News you may have missed #536 (US edition)

James Risen

James Risen

►►US federal agencies sitting on decade-old FOIA requests. In the United States, as Freedom of Information Act (FOIA) requests are growing, a new study has found that eight government agencies are sitting on requests filed over ten years ago. According to the Knight Open Government Survey, conducted by the National Security Archive at George Washington University, the single oldest request is now 20 years old. FOIA requires agencies to process and respond to a request within 20 business days. ►►US journalist seeks to avoid testifying at CIA agent’s trial. A sizeable percentage of FOIA requests are filed by journalists, who are also on the receiving ends of most intelligence-related ‘leaks’ in the United States. One of those journalists, James Risen, of The New York Times, has been subpoenaed by the Obama administration to testify at the trial of Jeffrey Sterling. Sterling is a former CIA employee, who has been arrested under the Espionage Act for allegedly revealing details about Operation MERLIN to Risen. MERLIN was a botched US effort to provide Iran with a flawed design for building a nuclear weapon, in order to delay the alleged Iranian nuclear weapons program. Times lawyers argue that the First Amendment should shield Risen from having to testify at Sterling’s trial. ►►US intel research agency works on 3-D holographs. Also in the United States, IARPA, the US intelligence community’s technical research wing, has announced that it is working on a system that lets intelligence analysts collaborate with each other using “interactive 3-D holographic displays”. Through this system, IARPA hopes that intelligence personnel could take simultaneous virtual strolls through real-life target locations, help plan raids, etc.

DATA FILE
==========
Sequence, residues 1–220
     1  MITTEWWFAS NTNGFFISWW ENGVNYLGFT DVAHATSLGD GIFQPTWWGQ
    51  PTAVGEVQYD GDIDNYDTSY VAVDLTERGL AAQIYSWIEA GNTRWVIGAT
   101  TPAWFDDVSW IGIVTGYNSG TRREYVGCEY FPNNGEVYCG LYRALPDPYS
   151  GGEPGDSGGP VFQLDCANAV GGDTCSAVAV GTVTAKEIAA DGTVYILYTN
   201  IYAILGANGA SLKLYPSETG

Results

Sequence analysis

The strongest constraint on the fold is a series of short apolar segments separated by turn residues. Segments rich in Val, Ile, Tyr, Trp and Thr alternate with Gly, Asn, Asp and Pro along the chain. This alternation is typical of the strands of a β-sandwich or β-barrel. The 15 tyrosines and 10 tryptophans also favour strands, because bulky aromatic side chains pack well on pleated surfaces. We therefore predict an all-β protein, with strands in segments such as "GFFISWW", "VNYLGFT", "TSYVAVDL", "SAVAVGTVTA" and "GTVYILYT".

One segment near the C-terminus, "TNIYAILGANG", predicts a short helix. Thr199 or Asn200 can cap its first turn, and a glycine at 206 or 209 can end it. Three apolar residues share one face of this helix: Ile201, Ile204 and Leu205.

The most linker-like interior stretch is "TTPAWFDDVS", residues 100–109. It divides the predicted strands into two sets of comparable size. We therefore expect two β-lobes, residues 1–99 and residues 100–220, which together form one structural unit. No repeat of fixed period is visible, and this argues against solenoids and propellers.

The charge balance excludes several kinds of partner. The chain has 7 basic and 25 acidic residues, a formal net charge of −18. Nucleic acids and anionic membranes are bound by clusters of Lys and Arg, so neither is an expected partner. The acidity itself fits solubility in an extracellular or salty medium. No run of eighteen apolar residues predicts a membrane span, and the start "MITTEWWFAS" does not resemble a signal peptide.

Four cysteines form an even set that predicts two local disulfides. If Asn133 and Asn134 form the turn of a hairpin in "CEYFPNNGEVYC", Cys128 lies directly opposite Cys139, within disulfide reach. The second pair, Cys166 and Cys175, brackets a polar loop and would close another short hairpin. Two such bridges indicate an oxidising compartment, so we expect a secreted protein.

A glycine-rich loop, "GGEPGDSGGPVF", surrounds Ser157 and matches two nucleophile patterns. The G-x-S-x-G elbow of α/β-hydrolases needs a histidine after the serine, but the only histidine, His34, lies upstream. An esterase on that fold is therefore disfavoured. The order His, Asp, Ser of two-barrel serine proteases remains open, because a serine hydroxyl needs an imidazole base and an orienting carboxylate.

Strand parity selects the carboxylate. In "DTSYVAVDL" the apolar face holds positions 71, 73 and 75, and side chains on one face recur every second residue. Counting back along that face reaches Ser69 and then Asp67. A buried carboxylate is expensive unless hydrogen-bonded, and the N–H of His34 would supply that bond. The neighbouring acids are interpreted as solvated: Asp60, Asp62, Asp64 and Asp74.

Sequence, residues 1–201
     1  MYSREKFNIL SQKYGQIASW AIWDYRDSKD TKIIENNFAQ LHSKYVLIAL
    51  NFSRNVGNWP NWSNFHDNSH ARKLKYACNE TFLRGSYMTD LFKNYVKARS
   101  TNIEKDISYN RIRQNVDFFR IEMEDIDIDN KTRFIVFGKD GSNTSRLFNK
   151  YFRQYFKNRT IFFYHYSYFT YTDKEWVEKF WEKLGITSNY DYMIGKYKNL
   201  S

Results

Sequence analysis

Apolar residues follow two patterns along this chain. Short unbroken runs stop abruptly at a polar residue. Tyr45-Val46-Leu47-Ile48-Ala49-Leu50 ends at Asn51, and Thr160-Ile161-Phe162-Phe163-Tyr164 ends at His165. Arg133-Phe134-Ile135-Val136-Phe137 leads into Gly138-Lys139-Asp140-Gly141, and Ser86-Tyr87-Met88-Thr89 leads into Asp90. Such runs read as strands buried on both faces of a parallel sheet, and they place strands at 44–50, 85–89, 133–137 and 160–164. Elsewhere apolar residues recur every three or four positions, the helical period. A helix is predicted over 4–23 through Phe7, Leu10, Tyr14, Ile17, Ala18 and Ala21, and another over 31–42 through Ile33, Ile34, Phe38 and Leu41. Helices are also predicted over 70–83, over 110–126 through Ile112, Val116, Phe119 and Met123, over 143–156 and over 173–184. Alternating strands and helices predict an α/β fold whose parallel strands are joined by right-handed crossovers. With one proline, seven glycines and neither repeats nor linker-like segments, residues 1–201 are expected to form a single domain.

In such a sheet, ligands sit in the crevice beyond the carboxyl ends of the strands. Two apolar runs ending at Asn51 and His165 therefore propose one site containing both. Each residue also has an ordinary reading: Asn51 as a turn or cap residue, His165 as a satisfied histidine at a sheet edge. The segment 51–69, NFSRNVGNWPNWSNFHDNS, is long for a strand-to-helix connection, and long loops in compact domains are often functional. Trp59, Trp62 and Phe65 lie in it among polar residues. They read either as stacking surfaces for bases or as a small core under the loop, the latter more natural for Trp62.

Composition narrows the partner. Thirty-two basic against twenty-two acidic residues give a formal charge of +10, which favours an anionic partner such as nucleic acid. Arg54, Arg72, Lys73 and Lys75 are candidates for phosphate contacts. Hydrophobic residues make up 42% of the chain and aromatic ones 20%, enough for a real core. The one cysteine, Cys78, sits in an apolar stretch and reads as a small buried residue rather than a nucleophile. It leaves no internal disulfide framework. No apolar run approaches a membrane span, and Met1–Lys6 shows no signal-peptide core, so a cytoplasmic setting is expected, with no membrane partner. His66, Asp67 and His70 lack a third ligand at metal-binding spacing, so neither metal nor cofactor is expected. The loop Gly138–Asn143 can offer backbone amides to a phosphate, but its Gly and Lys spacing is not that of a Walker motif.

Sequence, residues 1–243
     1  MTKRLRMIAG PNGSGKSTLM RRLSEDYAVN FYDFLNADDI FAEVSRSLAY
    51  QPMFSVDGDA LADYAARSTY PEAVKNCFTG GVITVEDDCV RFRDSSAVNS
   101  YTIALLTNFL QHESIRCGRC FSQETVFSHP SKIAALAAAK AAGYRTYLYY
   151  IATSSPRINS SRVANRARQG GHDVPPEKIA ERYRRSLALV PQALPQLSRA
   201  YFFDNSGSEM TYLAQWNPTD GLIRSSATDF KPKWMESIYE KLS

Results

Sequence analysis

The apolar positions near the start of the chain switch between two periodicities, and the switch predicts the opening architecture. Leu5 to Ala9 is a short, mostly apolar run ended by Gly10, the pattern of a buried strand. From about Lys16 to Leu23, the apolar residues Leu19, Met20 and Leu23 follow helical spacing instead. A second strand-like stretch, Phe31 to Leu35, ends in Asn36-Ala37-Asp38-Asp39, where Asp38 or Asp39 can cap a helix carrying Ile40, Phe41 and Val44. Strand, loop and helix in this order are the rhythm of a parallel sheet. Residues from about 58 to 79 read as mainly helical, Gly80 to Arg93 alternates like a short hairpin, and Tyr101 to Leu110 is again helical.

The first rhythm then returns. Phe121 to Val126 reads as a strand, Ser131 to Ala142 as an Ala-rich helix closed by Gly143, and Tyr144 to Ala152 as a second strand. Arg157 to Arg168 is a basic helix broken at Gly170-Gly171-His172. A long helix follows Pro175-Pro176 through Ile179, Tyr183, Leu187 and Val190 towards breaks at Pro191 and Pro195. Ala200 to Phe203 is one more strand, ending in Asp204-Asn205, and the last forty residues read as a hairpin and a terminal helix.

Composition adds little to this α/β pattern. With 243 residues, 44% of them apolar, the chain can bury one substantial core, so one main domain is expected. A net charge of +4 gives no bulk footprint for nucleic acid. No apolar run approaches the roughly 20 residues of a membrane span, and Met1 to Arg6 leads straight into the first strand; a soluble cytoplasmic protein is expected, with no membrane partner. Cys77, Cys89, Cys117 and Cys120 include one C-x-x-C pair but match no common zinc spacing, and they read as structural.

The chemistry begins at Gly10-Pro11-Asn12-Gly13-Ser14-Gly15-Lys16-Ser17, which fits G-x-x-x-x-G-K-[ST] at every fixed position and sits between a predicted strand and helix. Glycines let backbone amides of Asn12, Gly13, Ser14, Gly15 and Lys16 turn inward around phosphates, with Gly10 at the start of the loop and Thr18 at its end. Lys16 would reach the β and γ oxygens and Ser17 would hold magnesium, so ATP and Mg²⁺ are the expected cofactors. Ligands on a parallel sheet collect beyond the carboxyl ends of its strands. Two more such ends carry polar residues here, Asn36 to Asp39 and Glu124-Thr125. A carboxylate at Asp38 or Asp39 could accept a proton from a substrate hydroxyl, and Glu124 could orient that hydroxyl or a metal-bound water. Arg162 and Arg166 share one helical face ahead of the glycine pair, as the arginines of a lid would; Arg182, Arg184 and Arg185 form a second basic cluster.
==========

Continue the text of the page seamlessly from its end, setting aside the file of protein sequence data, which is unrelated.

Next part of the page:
About intelNews
Expert news and commentary on intelligence, espionage, spies and spying, by Dr. Joseph Fitsanakis and Ian Allen.

4 Responses to News you may have missed #536 (US edition)

  1. Kevin Larkin says:

    Really preferred the separate listing of news items as one single block of text makes it more difficult to jump and search. Please bring back the old format of news listing.


  2. intelNews says:

    Is this better? (see above) [IA]

  3. Kevin Larkin says:

    It’s “better” but dividing it into paragraph makes it even easier to navigate between stories. Why not take a poll and see what other users prefer?

    For me, “News you may have missed” is a section I scan quickly to see whether I really “missed” something. Distinguishing stories from each other makes it to see the stories you DO need to look at.

    Thank you!

  4. Robert79 says:

    I personally don’t mind the new “stories you may have missed” format. One thing I like about Intelnews is that it is not just some cold news aggregator, but provides personal news filtering and commentary from people who seem to know what they are talking about.

    I value the way the blog’s personality seeps in, even if it takes me a little longer to scan the news postings. My two cents, for what they’re worth. Thanks for the fine job, gentlemen.

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